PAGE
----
ABSTRACT

Background: This case report represents one of the estimated 17,000 aneurysms clipped annually in the United States, often with nickel-containing clips. The authors highlight the development of life-threatening allergic vasculitis in a 33-year-old woman after aneurysm clipping.

Case description: After suffering subarachnoid hemorrhage, the patient had coil embolization at another facility for rupture of a right internal carotid artery (ICA) aneurysm. An incidental finding, an unruptured left posterior communicating artery aneurysm unamenable to coiling, was then successfully clipped via a left pterional craniotomy. Arriving in our emergency department 11 days later, she progressively declined during the next weeks, facing deteriorating clinical status (i.e. seizures) and additional infarctions in the left frontal lobe, midline shift, and new infarctions in the bilateral frontal lobe, right sylvian, right insular regions, and posterior cerebral artery distribution. During decompressive surgery, biopsy findings raised the possibility of lymphocytic vasculitis; consultations with rheumatology, allergy, and immunology specialists identified that our patient had a nickel allergy. After reoperation to replace the nickel-containing clip with one of a titanium alloy, the patient had an uncomplicated postoperative course and was discharged 6 days later to a rehabilitation facility.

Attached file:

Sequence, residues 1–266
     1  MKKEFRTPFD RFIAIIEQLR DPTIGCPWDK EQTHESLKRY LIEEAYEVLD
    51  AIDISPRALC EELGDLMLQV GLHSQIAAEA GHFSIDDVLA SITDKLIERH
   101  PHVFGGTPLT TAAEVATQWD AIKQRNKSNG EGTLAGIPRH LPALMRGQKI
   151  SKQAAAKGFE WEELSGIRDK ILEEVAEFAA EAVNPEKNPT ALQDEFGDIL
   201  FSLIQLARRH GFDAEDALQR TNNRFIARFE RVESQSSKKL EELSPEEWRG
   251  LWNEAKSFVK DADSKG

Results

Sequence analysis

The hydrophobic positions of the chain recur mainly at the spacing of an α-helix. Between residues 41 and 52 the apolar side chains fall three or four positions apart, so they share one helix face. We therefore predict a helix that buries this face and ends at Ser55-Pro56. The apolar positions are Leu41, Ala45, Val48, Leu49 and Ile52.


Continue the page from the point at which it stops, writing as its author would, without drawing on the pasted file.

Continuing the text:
Conclusions: Nickel-related allergies are more common than appreciated, affecting up to 10% of patients. Fortunately, severe reactions are rare; nevertheless, vascular neurosurgeons should be aware of this potential complication when using cobalt alloy aneurysms clips. The use of titanium alloy clips eliminates this risk.

No MeSH data available.


Related in: MedlinePlus